The Master is silent for several minutes before speaking to this question, for it has come from an apprentice who has great potential and the proper foundation must be carefully laid if that potential for development is to be adequately supported. The response, when it comes, invokes the memory hidden in that data already collected, which alone has the ability to teach because it is experiential in nature. Master states first, unequivocally, "There was a time when you felt this pull, coming from the saw, for the first time and a shock was delivered to the sawyer by the one inside who was capable of perceiving the slight motion that was in the saw. The sawyer immediately devised the explanation, denying to himself the shock and its source."
Before his apprentice could devise a vocal response, the Master assigned a task that would focus his incomplete consciousness elsewhere while his inner personality could act on the teaching. "The sawyer's hand guides the cut making the end result square. The saw, if allowed, which involves the curtailment of the will, makes the cut and it is smoothe, has taken only the necessary time and has preserved the blade's sharpness as fully as is possible. Take the time necessary, when next you are in a place where some other sawyer has stacked into neat cords all the wood he has cut that day, and observe what the congregation of so many cut ends can tell you, by comparing them to one another, about the conflict that has been going on all day long between that sawyer and his saw. Also attempt to read, in the sawyer's manner, the cost to himself for having let the sawyer personality lord it over the saw these many hours."
It was many months before the careful observations he’d been making, of both the cordwood and the aspect displayed in the countenance and movements of the responsible sawyer, began to manifest themselves in his cordwood. By the time he became a journeyman, he could cut more wood than any other in those parts, and spent far less time sharpening his chains or servicing busted saws than anyone should expect. He went on to start his own business, with eventually some 14 sawyers, both journeymen and apprentices, in his employ. He owned 27 heavy duty saws, a well-fitted out maintenance shed, 4 work-trucks and had moved his family into a comfortable home in a nicer neighborhood. He attributed the phenomenal profitability of his woodcutting enterprise to the fact that he’d always hired only those men whose aspect indicated a harmony within, even when that meant many months spent training him to cut wood properly.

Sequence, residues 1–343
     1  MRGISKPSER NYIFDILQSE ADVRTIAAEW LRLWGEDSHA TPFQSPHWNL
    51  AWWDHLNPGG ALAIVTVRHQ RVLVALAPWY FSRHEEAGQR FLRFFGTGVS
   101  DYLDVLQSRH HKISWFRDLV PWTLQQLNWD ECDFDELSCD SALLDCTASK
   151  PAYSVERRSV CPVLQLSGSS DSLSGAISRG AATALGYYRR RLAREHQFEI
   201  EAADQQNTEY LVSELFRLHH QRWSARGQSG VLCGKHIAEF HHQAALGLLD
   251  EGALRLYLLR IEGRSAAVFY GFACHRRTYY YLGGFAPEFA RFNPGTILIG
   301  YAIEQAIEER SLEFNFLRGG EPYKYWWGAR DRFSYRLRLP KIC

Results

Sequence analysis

He was told one day that the Master lay dying and went immediately to see about him, arranged for him to receive the best medical treatment and nursing care his money could provide and spent many long hours at his bedside engaged in conversation. One afternoon he remembered the exercise the Master had assigned all those years ago. He told the Master, “I went often, at the end of the day, to other nearby woodlots, to observe, as you had instructed, the condition of the other sawyers’ cords. Also I paid especially my closest attention to the expression and behavior in the man, which always matched precisely the disappointing results he was getting. But it wasn’t until I studied your own woodpile that I really began to see real improvement in my own cords. So it is you I must thank for all I have accomplished.” He took the old man’s gnarled hand in his, placed his left hand on a time-withered shoulder and said, “Thanks ever so much for your care and your patience.”
While he waited out the old man’s customary silence, for he’d grown to expect it and would have been sorely disappointed if it had not been there this time as well, he pondered the simplicity that was the interior of the same small cottage he’d occupied all these years and wondered why his Master had stayed stubbornly behind as the times had changed everyone else’s style of living.
When his Master finally spoke again, he had tears rolling down both cheeks. He knew full well that the financial success he enjoyed was intimately related to his unorthodox hiring practices, and it was to this that he wished to finally speak. “I could never have wished for a better apprentice than I found in you. You were the only one who truly deserved to be called a master journeyman. And yet I have failed miserably in that which was intended by the many curious exercises you were required to perform while apprenticed to me. If you had managed to change but one of those miserable hacks you refused to hire; shown only one the path that when arduously followed for long enough could have restored the lost wholeness that was retarding his development, then, and only then, could I say that I had trained up another Master to take my place when I depart this world.”

Phillip DeNise, United States
added 2011-08-24

get in touch
would love to get in touch with Nonny and
David..Elisabeth Deran

, United States
added 2017-10-20